Ballerina with a Gun

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Ah parents.

We want so many things for our children.
Things we didn’t have for ourselves. Opportunities we didn’t seize. Every conceivable possibility that exists.

Our hindsight makes us brilliant. Our regret makes us sentimental.

We imagine our children will be prodigies, uniquely equipped to offer the world something particularly extraordinary.

Here’s what I’m building up to…

I should have kept a list of everything Francisco said he wants Mariel to be. What follows is partial, based entirely on memory:

-a pianist
-a judo expert
-a surgeon
-an ambassador
-the president (“the first female, biracial, bicultural president who’s the daughter of an immigrant who doesn’t even know what his immigration status is”)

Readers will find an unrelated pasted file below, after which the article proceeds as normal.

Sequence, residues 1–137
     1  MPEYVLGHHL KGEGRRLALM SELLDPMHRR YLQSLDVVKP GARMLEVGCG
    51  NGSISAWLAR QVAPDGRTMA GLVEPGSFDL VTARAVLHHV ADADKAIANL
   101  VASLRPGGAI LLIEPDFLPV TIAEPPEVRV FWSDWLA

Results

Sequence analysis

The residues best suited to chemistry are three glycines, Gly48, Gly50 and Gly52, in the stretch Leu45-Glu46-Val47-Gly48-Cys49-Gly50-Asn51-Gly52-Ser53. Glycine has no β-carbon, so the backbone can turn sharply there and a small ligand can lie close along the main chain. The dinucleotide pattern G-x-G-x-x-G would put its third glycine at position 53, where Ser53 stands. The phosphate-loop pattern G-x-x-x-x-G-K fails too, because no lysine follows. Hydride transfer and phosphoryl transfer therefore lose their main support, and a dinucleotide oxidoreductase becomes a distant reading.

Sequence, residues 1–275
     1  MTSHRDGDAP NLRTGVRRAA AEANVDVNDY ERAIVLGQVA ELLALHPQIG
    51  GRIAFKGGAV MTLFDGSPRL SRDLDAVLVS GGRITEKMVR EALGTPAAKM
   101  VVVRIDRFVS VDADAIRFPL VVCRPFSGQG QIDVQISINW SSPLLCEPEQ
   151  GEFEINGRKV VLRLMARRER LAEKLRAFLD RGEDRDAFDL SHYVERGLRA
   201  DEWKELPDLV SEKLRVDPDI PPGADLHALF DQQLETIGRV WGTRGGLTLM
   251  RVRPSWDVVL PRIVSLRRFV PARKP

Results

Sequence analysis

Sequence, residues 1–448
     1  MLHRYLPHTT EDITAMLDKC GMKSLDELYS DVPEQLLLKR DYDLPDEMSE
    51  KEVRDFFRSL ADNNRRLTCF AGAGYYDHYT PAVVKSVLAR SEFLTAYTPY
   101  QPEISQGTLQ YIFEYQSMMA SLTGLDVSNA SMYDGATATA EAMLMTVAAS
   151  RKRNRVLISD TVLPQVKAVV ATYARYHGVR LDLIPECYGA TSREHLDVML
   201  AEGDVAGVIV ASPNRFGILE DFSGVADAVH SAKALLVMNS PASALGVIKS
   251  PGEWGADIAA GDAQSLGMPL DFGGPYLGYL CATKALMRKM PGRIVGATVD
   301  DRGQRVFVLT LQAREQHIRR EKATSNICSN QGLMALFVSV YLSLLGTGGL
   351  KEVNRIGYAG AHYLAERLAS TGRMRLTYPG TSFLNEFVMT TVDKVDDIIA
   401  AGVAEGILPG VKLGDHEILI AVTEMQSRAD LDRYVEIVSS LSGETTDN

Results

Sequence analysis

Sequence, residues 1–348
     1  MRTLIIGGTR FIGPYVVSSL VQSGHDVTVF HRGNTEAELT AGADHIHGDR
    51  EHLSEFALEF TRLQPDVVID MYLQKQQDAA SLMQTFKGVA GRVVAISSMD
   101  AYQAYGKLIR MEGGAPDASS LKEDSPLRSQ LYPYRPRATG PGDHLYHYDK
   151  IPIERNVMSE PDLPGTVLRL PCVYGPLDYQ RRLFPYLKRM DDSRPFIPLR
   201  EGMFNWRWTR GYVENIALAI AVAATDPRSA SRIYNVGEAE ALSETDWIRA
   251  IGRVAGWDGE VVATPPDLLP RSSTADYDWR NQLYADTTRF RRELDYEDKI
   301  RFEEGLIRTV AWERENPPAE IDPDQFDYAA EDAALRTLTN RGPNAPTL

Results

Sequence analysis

-Secretary of State (“well-rounded, like Condolleezza Rice, but with different political tendencies”)
-a human rights lawyer
-a documentary filmmaker
-a professor at a prestigious university
-a famous writer
-an intellectual with an equally developed competency and proclivity for the arts AND athletics
-any of these, of course, should also be accompanied by the ability to dance salsa and casino, to speak several languages fluently, and to be able to cook (for pleasure, not for patriarchal ends)

He has been careful to note on more than one occasion that he does not want her to be “soft,” by which he means vulnerable to any kind of victimization. For that reason, she should also be able to handle a gun with ease and expertness, and for that reason, we should take her to Colorado, where my dad lives, and have him teach her how to handle different types of pistols, shotguns, rifles, muzzleloaders, and whatever other types of guns exist.

We laugh, sometimes, at this composite picture: the tiny ballerina in a pink tutu, tied with a martial arts black belt, wire rim glasses indicating her scholarly erudition, a gun poised delicately in hand.

It’s rather sick.

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